More than 80 per cent of migrant workers in Thailand are from Myanmar. A community radio has caught their ear helping them to understand Thailand’s immigration laws and advocating for their rights at work.

25 June 2012

CHIANG MAI, Thailand – When Aung San Suu Kyi addressed delegates at the 101st session of the International Labour Conference on 14 June, she also referred to the two million people from Myanmar who have crossed the border into Thailand in search of work.

The Chairperson of the National League for Democracy (NLD) in Myanmar said that both Thailand and Myanmar had “no clear migration policy”, with the result that “migrant workers are still facing frequent and significant rights violations because neither Burma nor Thailand has adopted a rights-based approach to managing migration”.

Earning little more than US$6 per day on average, many Burmese migrant workers find themselves caught up in a bewildering and relatively costly system of rules and procedures, written in a language they don’t understand. And there are few places to turn if they encounter any problems.

MAP Radio with its weekly show “Voices without borders” is one of these places. The broadcast goes out each Monday morning on community FM radio in Chiang Mai
and nearby Mae Sot – another area with a high concentration of migrant workers from Myanmar.

Supported by the ILO’s TRIANGLE Project (Tripartite Action to Protect Migrants within and from the Greater Mekong Sub-region from Exploitation) and AusAID, the Australian Government’s Aid Programme, the radio show is one of several produced by the MAP Foundation, an NGO based in Chiang Mai.

The programme has a loyal following, particularly as it is broadcast in Shan, the local language of many of the migrant workers. As a phone-in show it is dedicated to helping migrant workers understand Thailand’s immigration laws and advocating for rights at work. Thousands of migrant workers either tune in to the live broadcast each week or, if they have any access to the Internet, download the programmes.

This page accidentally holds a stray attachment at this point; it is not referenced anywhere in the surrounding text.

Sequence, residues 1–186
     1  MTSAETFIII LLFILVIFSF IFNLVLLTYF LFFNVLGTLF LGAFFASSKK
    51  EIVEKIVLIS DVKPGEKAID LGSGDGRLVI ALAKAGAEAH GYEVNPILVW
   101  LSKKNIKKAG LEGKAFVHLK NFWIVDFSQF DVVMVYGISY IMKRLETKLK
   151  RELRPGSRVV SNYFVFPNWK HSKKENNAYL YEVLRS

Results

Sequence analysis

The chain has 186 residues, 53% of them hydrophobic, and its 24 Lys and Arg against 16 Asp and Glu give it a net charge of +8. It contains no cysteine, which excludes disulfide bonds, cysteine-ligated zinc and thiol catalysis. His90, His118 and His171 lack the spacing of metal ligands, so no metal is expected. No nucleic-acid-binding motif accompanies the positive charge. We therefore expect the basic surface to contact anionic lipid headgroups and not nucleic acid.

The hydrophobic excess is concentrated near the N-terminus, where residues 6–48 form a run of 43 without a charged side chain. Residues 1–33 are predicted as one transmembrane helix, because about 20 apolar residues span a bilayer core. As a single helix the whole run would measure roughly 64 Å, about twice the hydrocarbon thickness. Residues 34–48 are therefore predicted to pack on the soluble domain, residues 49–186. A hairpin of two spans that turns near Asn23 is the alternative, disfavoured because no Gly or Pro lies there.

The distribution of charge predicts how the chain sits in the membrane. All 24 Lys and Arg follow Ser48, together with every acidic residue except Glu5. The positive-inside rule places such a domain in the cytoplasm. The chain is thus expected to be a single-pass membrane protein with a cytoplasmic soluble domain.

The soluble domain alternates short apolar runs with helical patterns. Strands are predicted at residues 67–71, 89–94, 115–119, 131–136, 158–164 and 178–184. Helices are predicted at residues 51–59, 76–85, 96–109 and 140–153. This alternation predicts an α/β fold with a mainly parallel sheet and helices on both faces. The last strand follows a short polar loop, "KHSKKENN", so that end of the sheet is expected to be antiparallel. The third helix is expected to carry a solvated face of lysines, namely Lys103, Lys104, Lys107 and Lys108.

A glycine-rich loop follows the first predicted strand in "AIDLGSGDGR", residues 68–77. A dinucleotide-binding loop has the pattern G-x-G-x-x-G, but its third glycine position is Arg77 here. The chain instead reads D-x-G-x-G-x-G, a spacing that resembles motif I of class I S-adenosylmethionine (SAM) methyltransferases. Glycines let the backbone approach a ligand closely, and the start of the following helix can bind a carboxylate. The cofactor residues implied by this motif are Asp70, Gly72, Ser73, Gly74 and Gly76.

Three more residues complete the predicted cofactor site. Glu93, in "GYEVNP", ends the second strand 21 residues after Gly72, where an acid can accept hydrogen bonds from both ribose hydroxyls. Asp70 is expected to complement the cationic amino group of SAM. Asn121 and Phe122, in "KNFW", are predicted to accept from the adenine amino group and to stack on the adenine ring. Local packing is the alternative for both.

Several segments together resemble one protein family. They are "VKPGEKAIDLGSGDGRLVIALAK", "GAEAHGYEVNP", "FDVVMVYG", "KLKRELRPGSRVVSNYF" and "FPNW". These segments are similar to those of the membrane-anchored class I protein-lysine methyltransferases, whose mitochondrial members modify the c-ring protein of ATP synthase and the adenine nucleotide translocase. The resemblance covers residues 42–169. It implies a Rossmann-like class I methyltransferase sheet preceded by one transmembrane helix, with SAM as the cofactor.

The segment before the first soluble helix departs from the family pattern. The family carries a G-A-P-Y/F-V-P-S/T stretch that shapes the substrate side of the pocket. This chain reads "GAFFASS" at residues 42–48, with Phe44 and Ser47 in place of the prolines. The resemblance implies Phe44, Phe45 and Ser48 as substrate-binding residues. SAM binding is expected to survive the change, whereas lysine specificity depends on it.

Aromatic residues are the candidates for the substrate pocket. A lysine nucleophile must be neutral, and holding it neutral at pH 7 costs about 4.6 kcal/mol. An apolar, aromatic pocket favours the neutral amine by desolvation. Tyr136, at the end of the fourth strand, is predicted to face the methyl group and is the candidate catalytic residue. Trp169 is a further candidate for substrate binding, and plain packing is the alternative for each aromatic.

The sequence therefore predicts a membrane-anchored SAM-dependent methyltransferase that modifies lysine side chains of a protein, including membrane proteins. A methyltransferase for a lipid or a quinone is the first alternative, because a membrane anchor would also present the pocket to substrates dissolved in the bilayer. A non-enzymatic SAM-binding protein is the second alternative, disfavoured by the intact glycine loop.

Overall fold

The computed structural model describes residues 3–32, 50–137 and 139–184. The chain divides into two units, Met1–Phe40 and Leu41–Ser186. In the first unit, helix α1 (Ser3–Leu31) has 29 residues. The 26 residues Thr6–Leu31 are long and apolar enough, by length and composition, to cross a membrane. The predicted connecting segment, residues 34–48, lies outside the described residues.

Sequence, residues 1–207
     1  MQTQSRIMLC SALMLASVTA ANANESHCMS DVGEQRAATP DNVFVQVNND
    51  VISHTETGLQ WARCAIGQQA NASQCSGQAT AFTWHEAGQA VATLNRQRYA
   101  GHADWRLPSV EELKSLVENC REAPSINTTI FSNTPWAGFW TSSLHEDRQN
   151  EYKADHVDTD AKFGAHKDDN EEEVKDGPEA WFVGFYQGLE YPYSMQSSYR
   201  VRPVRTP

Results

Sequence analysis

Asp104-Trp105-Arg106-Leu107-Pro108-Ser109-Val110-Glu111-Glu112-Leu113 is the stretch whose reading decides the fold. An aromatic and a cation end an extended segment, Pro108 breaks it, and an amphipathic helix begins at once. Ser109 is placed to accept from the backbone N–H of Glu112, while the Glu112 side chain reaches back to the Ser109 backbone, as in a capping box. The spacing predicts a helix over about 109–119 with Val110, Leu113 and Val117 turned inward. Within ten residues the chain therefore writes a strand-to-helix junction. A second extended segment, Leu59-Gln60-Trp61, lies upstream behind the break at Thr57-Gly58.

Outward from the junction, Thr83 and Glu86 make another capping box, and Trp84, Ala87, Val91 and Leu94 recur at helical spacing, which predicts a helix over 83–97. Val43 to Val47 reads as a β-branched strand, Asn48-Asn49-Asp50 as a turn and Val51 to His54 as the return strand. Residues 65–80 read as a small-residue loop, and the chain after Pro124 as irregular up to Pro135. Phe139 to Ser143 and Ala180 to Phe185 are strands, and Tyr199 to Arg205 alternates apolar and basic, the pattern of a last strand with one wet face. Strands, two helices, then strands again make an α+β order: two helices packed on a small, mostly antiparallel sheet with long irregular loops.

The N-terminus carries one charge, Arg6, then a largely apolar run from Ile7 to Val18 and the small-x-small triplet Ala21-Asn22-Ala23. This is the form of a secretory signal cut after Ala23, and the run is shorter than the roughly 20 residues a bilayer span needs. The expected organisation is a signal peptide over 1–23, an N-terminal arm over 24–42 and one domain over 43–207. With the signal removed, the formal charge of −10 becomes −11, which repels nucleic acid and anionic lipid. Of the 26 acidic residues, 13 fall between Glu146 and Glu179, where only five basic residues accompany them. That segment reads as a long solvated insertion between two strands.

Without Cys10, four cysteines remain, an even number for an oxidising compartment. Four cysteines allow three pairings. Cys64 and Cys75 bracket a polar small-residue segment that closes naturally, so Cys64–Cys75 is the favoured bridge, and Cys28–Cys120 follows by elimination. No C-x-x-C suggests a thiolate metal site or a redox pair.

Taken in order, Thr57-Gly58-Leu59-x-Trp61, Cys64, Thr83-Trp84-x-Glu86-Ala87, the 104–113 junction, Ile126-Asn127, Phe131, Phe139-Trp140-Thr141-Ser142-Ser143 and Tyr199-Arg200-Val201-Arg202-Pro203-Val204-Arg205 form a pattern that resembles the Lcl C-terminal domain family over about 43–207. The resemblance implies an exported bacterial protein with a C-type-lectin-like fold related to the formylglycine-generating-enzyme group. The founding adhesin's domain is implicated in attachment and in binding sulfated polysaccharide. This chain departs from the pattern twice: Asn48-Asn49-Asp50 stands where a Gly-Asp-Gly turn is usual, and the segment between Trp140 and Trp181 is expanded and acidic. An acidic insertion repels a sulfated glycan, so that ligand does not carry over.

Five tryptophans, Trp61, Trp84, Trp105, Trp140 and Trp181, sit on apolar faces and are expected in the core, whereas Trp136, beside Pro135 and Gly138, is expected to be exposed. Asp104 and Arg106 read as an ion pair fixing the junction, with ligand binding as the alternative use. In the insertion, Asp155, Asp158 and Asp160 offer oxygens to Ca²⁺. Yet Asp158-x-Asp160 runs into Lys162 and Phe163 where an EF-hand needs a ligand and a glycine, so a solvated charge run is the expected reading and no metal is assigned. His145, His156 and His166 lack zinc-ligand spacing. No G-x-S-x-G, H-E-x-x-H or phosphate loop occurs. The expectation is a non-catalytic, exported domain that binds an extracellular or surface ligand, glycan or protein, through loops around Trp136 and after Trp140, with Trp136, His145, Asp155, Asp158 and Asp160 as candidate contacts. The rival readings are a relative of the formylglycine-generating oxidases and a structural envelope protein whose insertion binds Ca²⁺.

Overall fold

“Many migrant workers call into this radio programme,” explains Ying Horm, the presenter of “Voices without borders”. “They discuss the difficulties they face and they share a lot of information – they also ask lots of questions.”

Most of those who listen to Ying Horm each Monday morning are either labourers or domestic workers who find it easier to take part in the phone-in segment.

Most have stories to tell about contract violations or questions to ask about procedures for work permits. Those with serious grievances and contract violations are directed to a paralegal working with the programme, to review and pursue claims off the air.

The coordinator of the MAP Foundation, Jackie Pollock, says “Voices Without Borders” and the other radio programmes provide a space for migrants to communicate with each other openly.

“For years many migrants have lived in hiding and when they do venture out they are often afraid to speak their language in public,” she says, referring to the fact that many migrants are not fully documented to work in Thailand and could face harassment, arrest and deportation.

She adds that the radio programmes are “particularly important for domestic workers who listen (via the FM receivers) on their mobile phones”.

On a building site near Chiang Mai University, one of the workers called Mung says: “I’ve learned about my rights at work and important things like updating my passport. So it’s been very useful to me.”

“This radio programme has been a critical part of informing and protecting migrant workers,” says Kuanruthai Siripatthanakosol, the ILO’s national project coordinator for the TRIANGLE Project in Thailand. She adds that representatives of the government and social partners in other cities in Thailand – and in neighbouring countries – have expressed an interest in replicating this type of outreach. ––en/index.htm?shared_from=media-mail

Allan Dow works for the Regional Unit for Partnerships in the ILO Regional Office for Asia and the Pacific in Bangkok.